Wait, You Like The Smiths?
by LAUREN BANS
The last movie I saw where the two protagonists were convincingly in love was Wall-E, and that really only worked because it was the apocalyptic future, they were both virgins, and they didn't speak all that much. But that's good — rom coms shouldn't try to tackle love, it doesn't work, it ends up tasting of saccharin and looking like glow sticks.
John Hughes rightly concerned himself with crushes, infatuations, the first flushes of like—developments that can realistically be covered in two hours. Molly Ringwald scores the popular bro and Eric Stoltz learns that there is such a thing as upward penis mobility for the working class redhead. Real love is boring and unwatchable. This is not love:
I LOVE The Smiths.
Wait, you like The Smiths?
Yeah! (sings) ‘To die by your side is such a heavenly way to die’ Love 'em.
I mean, my Mom likes The Smiths. Love based on the triviality of one’s taste should at least be exclusive to the point where the shared preference saves both souls from eternal ostracism, like:
I LOVE the Klingon version of Hamlet!
Wait, you like the Klingon Hamlet?
Yeah! (recites) ‘taH pagh taHbe’ Love it.
The highly stylized, disjointed story of the relationship between Tom and Summer is full of meaningless signifiers, starting with the annoying fact that there’s no reason 500 needs a parentheses in the title. It’s why Tom and Summer work at a greeting card company—the only setting with enough faux sentiment to beguile the viewer into thinking Tom and Summer are the real deal, at least in contrast to the empty platitudes on an Anniversary card.
Have you ever clicked the “Romantic” tab on a porn site? Of course you have. You know how it’s still the same old gross dudes effing college students for book money, only they dub in "Lady in Red" or "My Heart Will Go On" as the audio, and maybe add a face caress or two to make it seem more like lovemaking? This is more believable than 500 Days of Summer.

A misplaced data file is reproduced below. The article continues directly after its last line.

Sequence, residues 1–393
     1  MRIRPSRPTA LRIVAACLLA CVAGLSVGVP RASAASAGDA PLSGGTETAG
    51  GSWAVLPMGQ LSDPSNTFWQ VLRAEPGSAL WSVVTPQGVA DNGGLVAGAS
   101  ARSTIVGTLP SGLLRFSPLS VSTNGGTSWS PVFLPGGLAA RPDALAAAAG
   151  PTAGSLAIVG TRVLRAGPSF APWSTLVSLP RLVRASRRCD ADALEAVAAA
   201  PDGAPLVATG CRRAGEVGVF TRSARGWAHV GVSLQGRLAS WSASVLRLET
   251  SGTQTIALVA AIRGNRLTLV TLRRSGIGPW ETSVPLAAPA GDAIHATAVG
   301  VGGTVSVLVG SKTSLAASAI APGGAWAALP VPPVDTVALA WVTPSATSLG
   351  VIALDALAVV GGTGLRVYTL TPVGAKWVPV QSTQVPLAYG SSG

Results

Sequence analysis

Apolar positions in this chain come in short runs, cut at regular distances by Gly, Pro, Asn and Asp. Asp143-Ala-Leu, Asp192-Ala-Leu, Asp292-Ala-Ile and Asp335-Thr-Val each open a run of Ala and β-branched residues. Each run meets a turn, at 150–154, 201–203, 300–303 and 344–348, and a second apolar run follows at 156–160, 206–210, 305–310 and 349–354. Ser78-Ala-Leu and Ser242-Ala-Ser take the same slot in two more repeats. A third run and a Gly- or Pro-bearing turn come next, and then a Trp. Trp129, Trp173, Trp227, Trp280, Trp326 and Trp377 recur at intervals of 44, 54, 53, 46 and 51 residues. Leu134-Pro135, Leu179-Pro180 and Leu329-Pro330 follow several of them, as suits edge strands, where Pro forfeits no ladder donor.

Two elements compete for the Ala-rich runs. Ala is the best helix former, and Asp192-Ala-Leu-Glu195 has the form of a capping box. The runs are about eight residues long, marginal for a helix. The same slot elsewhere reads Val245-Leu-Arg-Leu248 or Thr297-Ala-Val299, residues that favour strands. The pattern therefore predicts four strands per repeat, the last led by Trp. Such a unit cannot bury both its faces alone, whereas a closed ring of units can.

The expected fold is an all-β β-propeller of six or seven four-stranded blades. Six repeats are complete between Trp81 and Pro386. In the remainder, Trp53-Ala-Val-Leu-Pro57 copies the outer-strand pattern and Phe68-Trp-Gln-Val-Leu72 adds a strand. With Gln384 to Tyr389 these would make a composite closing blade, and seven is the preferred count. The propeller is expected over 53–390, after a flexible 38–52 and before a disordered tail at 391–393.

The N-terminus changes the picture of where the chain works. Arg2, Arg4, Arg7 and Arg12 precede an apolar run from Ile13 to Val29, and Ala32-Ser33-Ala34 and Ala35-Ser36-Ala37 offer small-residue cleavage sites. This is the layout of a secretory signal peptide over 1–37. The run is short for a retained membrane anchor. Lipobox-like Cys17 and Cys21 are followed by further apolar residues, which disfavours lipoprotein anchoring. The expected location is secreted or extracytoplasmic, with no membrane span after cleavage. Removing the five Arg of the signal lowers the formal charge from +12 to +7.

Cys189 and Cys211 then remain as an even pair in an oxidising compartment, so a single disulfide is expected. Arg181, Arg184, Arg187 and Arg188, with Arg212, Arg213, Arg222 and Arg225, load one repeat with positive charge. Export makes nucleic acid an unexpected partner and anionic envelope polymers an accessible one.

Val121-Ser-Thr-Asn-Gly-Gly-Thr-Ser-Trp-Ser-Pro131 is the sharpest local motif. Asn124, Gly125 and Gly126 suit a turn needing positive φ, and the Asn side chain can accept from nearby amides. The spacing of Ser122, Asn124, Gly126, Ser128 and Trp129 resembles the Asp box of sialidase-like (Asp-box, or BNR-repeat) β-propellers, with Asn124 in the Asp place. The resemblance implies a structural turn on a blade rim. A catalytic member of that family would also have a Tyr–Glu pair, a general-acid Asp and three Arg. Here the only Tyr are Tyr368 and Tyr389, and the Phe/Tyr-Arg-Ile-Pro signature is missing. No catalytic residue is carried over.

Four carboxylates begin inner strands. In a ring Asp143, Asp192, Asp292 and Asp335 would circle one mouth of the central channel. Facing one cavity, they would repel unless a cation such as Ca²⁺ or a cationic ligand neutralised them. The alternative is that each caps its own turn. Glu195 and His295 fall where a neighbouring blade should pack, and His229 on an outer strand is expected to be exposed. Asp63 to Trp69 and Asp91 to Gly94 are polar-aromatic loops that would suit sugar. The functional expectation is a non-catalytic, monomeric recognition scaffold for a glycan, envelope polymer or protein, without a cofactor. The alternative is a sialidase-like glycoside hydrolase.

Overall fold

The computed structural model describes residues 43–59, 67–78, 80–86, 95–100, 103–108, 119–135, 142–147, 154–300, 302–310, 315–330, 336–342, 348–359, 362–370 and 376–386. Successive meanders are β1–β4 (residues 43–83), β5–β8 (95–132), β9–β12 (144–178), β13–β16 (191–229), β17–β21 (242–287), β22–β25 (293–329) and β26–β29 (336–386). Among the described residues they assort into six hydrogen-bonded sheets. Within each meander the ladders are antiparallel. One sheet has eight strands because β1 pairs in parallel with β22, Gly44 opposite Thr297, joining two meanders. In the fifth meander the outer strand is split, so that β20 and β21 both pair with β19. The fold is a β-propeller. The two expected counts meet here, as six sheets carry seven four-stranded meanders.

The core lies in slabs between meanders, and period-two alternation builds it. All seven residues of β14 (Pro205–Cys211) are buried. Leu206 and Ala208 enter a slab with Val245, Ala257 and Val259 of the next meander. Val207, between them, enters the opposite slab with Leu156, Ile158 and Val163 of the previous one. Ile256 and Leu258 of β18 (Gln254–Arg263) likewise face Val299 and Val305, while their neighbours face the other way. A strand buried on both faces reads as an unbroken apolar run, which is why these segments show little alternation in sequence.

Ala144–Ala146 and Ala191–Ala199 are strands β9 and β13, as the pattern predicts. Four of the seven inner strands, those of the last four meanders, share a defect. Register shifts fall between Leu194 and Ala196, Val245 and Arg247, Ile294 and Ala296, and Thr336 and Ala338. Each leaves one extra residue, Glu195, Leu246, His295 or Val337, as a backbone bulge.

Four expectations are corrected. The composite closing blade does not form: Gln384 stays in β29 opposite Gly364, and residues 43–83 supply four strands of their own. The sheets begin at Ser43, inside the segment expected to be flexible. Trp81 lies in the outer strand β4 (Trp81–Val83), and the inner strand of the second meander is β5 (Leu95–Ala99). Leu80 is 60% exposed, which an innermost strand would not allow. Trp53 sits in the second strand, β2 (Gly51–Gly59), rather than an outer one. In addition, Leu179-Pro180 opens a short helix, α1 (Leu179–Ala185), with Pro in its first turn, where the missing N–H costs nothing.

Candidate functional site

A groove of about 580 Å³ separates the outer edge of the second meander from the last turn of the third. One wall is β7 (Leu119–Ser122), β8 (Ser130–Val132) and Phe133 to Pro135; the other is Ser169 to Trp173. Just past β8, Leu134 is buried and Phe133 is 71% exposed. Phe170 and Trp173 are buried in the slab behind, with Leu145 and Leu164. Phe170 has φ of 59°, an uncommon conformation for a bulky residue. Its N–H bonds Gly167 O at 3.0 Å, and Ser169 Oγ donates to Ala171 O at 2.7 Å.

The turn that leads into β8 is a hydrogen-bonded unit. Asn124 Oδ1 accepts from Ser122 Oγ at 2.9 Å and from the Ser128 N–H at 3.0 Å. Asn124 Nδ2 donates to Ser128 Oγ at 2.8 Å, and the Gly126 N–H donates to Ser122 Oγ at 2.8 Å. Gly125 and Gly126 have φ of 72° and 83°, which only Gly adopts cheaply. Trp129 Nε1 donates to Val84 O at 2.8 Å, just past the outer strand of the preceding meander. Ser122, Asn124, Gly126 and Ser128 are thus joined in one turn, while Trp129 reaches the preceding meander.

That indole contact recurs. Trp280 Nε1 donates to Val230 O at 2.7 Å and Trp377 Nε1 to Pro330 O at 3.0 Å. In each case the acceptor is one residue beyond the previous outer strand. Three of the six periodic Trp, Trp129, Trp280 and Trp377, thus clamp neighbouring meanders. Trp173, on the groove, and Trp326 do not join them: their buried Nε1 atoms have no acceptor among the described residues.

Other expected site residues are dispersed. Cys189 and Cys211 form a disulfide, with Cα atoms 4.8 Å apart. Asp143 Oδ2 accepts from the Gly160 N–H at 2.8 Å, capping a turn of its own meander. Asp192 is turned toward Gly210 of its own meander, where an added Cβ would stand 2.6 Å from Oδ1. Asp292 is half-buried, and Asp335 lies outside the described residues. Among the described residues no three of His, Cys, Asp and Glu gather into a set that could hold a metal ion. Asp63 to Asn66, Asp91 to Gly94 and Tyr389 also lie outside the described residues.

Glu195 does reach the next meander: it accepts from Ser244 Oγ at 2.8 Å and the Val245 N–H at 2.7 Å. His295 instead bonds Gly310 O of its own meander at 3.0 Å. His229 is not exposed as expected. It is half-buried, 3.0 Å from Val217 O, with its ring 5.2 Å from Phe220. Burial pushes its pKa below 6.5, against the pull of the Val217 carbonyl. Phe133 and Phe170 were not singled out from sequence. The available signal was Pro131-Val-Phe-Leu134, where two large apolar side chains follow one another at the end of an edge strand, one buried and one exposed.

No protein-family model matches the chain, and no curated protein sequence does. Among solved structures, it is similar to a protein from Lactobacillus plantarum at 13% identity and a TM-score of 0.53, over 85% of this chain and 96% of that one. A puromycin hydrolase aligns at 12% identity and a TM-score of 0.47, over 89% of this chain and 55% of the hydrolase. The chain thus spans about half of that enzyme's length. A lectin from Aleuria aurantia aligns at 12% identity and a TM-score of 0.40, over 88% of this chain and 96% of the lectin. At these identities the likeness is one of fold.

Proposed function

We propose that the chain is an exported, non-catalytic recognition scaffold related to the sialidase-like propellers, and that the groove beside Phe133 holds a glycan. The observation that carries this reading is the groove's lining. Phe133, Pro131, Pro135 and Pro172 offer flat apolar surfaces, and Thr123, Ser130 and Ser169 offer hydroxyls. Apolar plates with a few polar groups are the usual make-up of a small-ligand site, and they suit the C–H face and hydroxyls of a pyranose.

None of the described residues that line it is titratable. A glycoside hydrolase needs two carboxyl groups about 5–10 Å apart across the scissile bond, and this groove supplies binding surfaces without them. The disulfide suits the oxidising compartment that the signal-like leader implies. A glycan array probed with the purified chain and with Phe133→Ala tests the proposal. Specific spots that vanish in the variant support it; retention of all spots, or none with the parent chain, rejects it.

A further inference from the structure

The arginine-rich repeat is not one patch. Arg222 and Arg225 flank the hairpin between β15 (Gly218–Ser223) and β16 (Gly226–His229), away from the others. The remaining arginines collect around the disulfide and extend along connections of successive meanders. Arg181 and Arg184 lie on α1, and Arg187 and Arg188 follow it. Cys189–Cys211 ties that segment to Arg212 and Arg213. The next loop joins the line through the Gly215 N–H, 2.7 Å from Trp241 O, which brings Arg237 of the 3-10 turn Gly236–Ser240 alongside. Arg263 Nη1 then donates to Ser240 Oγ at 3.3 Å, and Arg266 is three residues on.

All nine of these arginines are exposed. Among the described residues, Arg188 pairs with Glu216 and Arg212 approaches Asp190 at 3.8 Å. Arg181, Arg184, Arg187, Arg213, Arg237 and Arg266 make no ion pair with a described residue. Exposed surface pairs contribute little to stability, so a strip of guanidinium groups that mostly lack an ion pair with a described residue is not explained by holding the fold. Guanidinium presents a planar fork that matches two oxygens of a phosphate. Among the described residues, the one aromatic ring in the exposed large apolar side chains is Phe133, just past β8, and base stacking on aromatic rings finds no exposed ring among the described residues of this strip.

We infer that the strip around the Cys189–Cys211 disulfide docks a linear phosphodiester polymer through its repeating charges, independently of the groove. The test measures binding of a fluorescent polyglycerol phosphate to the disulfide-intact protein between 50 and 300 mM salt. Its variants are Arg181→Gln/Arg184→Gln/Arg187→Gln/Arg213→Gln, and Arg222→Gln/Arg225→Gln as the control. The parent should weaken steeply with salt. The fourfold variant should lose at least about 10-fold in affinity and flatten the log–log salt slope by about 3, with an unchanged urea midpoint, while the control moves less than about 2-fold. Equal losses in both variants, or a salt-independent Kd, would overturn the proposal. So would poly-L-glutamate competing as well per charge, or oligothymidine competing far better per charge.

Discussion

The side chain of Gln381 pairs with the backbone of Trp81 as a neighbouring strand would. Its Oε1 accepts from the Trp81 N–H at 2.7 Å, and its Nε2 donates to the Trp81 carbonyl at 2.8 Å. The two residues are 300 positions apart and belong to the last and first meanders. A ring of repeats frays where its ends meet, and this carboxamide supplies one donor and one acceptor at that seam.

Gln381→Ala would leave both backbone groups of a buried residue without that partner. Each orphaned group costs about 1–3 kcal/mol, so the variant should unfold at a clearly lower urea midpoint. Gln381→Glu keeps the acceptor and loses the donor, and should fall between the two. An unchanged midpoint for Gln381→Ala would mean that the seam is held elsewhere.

Sorry to be so harsh! I mean, I know, who the frak doesn’t love Joseph Gordon Levitt? It’s simply unfortunate that he plays a lovelorn idiot who falls for the real life version of the Morton salt girl. Tom never learns anything about Summer.
She prances around the screen with perfectly adorable saucer eyes, eschewing commitment (but not in any way that might lend insight to her character) and shouting “Penis” in public (how Quirky Aggressive!). She’s like an ethereal form — free of any human wants, desires or needs — a blank page onto which Tom can project his fantasies.
It happens quite literally as they sit on a bench overlooking Los Angeles. Lacking paper, Summer proffers her arm as a drawing board for Tom’s architectural renderings (his dream is to be an architect). So nice that she lets him work out his self-actualization on her skin! Now what does she want to do with her life again? Oh yeah, they never talk about that. I don’t really see how this is all that different than having a relationship with a 2 dimensional anime pillow.
I think we’re supposed to relate emotionally to Tom, because for some reason Hollywood thinks women like distraught, emasculated men. Somewhere along the way a dude who can't function as a fully formed human being became synonymous with the female dream of an emotionally-rich man.
I don’t know if I should blame Wes Anderson or Ethan Hawke for such emosogyny. Can you imagine if they made a movie where a chick spent the duration sobbing like an emo-idiot over a breakup with a guy who said that he wasn’t looking for anything serious right from the get-go? There would be bra burning in the street! I might partake!
"Mozzarella Swastikas" — Adam Green (mp3)
"Baby's Gonna Die Tonight" — Adam Green (mp3)
"Apples I'm Home" — Adam Green (mp3)